Further speaking, significant resultant effects, from usage of these SM products, can be correlated when referring to the endogenous CB receptors and subsequent inhibition of specific amino acids, as stated above. For instance, SM products, as well as cannabis products, seem to have a direct vasodilator effect on cerebral blood vessels. It appears that smoking these products produces a dose-related increase in global cerebral blood flow in humans, which is consistent in the development of cerebral vasodilation. Cerebral vasodilation, in turn, may elicit profound hypotension [7]. Also, it should be noted that activation of CB1 receptors can have central side effects, such as ataxia and catalepsy. Additionally, due to the activation of these CB receptors, in particular CB2 receptors, selective CB2 receptor agonists have the potential to treat pain without eliciting the centrally mediated side effects [8].

More specifically, in regard to CB receptors and the inhibition of the release of amino acids and monoamine neurotransmitters, which follows the activation of these CB receptors, it appears that it has been shown to be effective for pain, as well for pain modulation.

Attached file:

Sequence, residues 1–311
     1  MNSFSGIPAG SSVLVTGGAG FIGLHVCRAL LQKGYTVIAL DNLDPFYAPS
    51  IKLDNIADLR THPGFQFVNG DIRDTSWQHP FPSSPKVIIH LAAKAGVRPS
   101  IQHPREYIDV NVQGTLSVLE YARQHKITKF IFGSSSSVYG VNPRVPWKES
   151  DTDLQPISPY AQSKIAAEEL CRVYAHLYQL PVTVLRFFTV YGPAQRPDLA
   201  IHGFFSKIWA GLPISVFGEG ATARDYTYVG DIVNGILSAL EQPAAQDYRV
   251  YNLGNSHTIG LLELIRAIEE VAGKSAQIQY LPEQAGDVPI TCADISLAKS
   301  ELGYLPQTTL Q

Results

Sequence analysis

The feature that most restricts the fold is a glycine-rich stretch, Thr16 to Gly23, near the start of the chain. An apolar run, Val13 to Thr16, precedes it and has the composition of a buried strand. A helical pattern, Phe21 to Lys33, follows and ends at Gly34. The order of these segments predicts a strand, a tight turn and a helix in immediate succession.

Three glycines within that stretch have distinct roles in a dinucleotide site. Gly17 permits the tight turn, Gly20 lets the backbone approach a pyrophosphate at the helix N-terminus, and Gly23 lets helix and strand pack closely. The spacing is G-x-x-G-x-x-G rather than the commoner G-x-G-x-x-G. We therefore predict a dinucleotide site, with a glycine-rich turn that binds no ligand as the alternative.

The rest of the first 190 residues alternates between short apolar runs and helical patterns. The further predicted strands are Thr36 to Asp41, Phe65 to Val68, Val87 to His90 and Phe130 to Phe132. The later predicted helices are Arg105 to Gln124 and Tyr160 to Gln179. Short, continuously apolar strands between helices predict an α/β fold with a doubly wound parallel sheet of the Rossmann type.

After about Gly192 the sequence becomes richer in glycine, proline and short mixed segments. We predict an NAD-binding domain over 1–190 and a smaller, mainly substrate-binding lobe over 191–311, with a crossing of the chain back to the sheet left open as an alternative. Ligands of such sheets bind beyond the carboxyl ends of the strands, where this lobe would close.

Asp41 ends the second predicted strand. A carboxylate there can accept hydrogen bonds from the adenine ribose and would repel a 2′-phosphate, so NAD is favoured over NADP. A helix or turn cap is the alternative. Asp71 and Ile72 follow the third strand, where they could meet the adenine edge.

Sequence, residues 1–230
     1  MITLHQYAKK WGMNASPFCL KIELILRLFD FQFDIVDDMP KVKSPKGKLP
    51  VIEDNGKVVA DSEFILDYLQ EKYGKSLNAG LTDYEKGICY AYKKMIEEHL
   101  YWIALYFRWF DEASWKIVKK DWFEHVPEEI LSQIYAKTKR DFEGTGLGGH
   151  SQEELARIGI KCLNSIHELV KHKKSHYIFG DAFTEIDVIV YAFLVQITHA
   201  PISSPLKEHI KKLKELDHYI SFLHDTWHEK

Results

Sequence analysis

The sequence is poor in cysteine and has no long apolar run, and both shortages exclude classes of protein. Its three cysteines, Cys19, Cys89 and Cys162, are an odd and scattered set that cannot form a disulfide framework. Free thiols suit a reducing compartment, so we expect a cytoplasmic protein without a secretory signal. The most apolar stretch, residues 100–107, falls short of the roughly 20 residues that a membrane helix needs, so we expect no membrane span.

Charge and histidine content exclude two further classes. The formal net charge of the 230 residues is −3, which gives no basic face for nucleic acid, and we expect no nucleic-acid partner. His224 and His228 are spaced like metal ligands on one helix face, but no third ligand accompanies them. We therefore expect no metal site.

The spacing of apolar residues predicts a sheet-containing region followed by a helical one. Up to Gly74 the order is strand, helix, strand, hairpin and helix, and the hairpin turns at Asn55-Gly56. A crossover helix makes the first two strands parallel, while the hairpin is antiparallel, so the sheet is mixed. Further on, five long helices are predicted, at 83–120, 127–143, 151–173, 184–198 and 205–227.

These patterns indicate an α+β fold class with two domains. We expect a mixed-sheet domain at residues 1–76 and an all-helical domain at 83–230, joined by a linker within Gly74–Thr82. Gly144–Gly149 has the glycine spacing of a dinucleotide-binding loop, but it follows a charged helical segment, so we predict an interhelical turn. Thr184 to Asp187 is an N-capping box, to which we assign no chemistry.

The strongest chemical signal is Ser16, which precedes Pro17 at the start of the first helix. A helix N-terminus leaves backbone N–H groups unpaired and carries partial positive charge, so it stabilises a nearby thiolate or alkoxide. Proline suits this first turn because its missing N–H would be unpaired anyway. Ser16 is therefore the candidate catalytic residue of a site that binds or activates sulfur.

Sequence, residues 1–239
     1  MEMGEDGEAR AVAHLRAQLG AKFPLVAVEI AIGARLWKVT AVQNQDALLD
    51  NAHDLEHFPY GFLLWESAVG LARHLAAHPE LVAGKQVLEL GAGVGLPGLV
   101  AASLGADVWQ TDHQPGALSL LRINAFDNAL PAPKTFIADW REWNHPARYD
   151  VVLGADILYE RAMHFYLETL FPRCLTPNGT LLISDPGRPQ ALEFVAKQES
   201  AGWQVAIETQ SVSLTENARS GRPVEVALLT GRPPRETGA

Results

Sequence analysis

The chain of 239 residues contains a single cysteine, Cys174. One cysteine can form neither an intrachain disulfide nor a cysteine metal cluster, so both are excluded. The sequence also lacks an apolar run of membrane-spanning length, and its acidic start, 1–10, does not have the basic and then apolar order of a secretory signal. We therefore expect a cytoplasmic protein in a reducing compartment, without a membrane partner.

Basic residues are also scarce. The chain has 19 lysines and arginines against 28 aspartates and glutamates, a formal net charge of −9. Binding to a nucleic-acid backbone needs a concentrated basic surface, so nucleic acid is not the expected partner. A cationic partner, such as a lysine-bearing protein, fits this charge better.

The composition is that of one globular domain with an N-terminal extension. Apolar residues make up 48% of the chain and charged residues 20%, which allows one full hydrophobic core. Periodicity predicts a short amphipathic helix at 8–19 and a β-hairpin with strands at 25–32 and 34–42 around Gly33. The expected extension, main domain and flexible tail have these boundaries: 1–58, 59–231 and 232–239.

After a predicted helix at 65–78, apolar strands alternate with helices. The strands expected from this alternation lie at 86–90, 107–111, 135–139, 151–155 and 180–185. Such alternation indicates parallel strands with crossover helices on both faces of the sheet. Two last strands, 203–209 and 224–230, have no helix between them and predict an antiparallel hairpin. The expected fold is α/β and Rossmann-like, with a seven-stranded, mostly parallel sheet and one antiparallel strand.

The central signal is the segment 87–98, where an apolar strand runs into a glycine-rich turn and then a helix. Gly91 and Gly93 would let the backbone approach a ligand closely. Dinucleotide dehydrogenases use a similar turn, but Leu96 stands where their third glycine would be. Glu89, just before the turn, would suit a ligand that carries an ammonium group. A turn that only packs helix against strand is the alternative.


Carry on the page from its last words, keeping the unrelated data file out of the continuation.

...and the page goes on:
To begin with, within the brain, CB1 receptors exert their effects mainly in the basal ganglia and the limbic system. Additionally, these receptors exert their effects in the cerebellum, as well as the male and female reproductive systems. When CB1 receptors are activated, they tend to selectively inhibit adenylate cyclase activity, which, consecutively, can affect perception, memory, and movement. Still, primarily, CB1 receptors are associated with euphoric and anticonvulsive effects, when bounded with the THC molecules, present in cannabis and synthetic marijuana. Other negative effects that are observed in certain susceptible individuals associated with CB1 receptor binding can include dysphoria and psychotomimetic effects as well [9].

Moving on to CB2 receptors, they very much resemble CB1 receptors in their structure and amino acid sequence. However, these two types of receptors are very different in terms of their activities and presence throughout the human body. For instance, CB2 receptors do maintain a crucial role in the immune system, inflammation, and, in particular, pain modulation [9]. Various studies that support the reduction in pain include case studies involving tactile and thermal allodyina, mechanical and thermal hyperalgesia, and writhing [9]. Furthermore, the location of the CB2 receptors in the microglia is particularly interesting within the scope of neuropathic pain research. These receptors located in the microglia support the theory around the benefits of cannabinoids in reducing cytokine-mediated neuroinflammation and in modulating neuropathic pain [9].